Home»Sports & Outdoor»New Faces, New League, Same Home Team! Medford Rogues join a new league

New Faces, New League, Same Home Team! Medford Rogues join a new league

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medfordroguesIn early June, the Medford Rogues started their fourth season (and, by presstime, already had NUMBER wins). In many ways, this season is a reboot for the organization—or, at least, the beginning to a second chapter.

During the off-season—which effectively runs the entire academic calendar, as the players for The Great West League are from college teams—there were tectonic shifts for the Rogues. The former General Manager moved to Florida, and Carolyn Birch, the former Assistant GM, moved into the Acting GM position. With only a three person core staff running the ship, the GM does particular everything from setting the travel schedule to picking the flavor of mustard for the park’s hot dogs—and, although this is her first time acting in this leadership role, Birch already has brought stability.

She is easy-going, yet confident. On a recent afternoon before the season began, Birch sat in the press box overlooking the field and explained she has worked for years with other amateur baseball and hockey teams. A high noon sun hammered down on the silver bleachers, and an unblemished green field fanned out towards the outfield walls plastered with banners from local sponsors (including, root for the home team, the Messenger!).

Not only was there a shift in the leadership for the Rogues, the Rogues also have moved from West Coast College League to newly formed Great West League. It is a significant, and promising, move. The Rogues are part of an emerging field of summer college leagues. Between the academic years, these college players tackle a brisk schedule of 60 games in 10 weeks in these summer leagues; about the pace of the major leagues. But, in their previous league, the Rogues also maintained a grueling travel schedule to keep pace with that schedule, including lengthy bus trips.

“This is a lot about how you manage your body,” explains Birch. “We don’t have the budget to send players on the corporate jet two days ahead (of a game) and to rest their bodies.”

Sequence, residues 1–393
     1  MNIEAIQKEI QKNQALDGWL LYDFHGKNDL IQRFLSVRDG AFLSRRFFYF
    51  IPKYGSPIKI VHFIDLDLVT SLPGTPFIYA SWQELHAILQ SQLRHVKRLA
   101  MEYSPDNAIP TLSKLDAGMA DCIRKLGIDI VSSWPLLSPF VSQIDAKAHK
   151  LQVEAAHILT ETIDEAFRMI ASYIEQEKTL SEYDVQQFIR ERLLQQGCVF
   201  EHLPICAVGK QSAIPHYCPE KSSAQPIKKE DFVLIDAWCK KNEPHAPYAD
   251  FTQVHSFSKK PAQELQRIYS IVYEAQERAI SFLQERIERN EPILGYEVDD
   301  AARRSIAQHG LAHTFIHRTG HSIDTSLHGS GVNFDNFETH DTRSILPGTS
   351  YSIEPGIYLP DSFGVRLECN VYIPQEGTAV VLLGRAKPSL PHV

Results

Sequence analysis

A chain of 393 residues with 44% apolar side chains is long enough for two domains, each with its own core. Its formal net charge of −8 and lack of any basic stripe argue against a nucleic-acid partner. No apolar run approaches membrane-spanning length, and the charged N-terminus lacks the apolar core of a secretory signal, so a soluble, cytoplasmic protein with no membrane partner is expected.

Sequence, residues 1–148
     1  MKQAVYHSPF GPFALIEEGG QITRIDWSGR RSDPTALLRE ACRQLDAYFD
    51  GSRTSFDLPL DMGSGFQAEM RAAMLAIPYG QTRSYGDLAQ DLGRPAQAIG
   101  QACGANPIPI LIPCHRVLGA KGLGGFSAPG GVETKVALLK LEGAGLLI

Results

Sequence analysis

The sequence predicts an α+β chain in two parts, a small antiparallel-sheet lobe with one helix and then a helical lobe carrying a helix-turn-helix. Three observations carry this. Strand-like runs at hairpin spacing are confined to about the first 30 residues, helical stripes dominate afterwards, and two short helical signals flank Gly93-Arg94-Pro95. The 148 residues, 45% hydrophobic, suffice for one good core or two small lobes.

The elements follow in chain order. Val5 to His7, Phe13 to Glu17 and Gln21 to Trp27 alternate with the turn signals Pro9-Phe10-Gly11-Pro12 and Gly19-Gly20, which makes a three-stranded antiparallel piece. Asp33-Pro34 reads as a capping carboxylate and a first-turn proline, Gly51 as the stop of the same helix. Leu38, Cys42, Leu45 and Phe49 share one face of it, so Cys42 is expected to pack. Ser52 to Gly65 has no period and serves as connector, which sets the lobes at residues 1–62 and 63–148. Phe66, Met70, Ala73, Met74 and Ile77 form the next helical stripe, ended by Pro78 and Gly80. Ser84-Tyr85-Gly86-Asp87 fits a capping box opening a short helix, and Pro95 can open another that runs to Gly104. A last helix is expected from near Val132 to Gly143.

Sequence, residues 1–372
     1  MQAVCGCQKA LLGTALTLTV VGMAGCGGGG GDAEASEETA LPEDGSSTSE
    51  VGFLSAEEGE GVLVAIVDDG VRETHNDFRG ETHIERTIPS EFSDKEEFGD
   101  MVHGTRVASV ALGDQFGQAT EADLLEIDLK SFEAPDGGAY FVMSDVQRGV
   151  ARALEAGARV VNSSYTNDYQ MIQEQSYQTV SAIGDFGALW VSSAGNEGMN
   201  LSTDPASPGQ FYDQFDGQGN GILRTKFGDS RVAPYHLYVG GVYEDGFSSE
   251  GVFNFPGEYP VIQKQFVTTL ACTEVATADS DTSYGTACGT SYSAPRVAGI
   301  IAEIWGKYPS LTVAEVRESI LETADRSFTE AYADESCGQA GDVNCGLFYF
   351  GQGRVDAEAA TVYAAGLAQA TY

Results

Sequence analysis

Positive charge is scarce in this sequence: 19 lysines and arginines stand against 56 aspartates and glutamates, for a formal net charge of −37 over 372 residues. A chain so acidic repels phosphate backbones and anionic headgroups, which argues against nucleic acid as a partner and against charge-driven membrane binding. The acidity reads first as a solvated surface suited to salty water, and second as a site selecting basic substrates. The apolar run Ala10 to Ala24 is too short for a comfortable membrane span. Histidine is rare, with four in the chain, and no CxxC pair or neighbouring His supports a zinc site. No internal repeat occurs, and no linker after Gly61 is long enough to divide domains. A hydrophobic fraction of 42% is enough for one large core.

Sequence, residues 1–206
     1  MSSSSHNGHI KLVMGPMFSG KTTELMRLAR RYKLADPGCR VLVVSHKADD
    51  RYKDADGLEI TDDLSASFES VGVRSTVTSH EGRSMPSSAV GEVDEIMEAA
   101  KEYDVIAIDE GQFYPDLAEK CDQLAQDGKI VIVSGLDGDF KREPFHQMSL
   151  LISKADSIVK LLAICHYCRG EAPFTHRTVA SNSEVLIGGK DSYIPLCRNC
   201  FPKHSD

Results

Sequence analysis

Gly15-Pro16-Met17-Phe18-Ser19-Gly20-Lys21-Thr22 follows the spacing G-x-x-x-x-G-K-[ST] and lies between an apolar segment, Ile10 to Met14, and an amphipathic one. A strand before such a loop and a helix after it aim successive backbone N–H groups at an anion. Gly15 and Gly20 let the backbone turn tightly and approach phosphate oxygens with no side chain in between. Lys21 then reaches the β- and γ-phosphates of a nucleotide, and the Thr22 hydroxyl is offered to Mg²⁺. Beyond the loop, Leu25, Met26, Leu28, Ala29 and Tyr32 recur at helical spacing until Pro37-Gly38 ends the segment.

She goes on to explain that last year’s season had started hot for the Rogues, but after on particular road trip that included a 16 hour bus trek, the team started to flag. They hit a long losing streak and, in spite of racking up a number of impressive stats, like leading the league in homeruns, finished with a mediocre record. In the new league, the teams are all along the I-5 corridor from Sacramento to Portland, meaning far less traveling. (The new league includes five other teams; Portland Pickles, Chico Heat, Lodi Crushers, Marysville Gold Sox, and Sacramento Stealth.)

As the Rogues enter their fourth season, they also are establishing some recruitment channels; in particular, with players from University of California-Santa Barbara, UC-Riverside, Winthrop and University of Oregon, where the Rogue’s coach Josh Hogan had played.

“No Beavers, just Ducks,” chimes in another member of the front office.

Unlike minor leagues, which serve as a temporary rest stop for talented players on their way to the Big Show, the college leagues are different in that players stick around for at least stick for at least one full season.

“We don’t hang out hat on player identification,” says Birch.

Even so, the opportunity for fans to connect with up-and-coming players is particularly keen draw. Last year, that standout was Dan Meyer, who came to the Rogues from University of the Pacific. At school, he had a middling year, but under the Rogue’s coaching and with the Medford team, the towering 6 foot, 5 inch outfielder blossomed, leading the WCC with homeruns (11) and led the league with his solid batting average (.325), which was testimony to his impressive 22 game hitting streak.

At presstime, Meyer was not listed on the roster, but about one out of three players do return, and oftentimes bring their teammates with them, if they had a good experience the previous summer—which, says Birch, the Rogues have been particularly good at providing.

“I’d love to talk a big game, and say ‘we’ll beat everyone,’” smiles Birch, “but everyone is starting new.”

For a full schedule, check out MedfordRogues.com. Their next home game stretch starts Monday, June 13.

 

 

 

 

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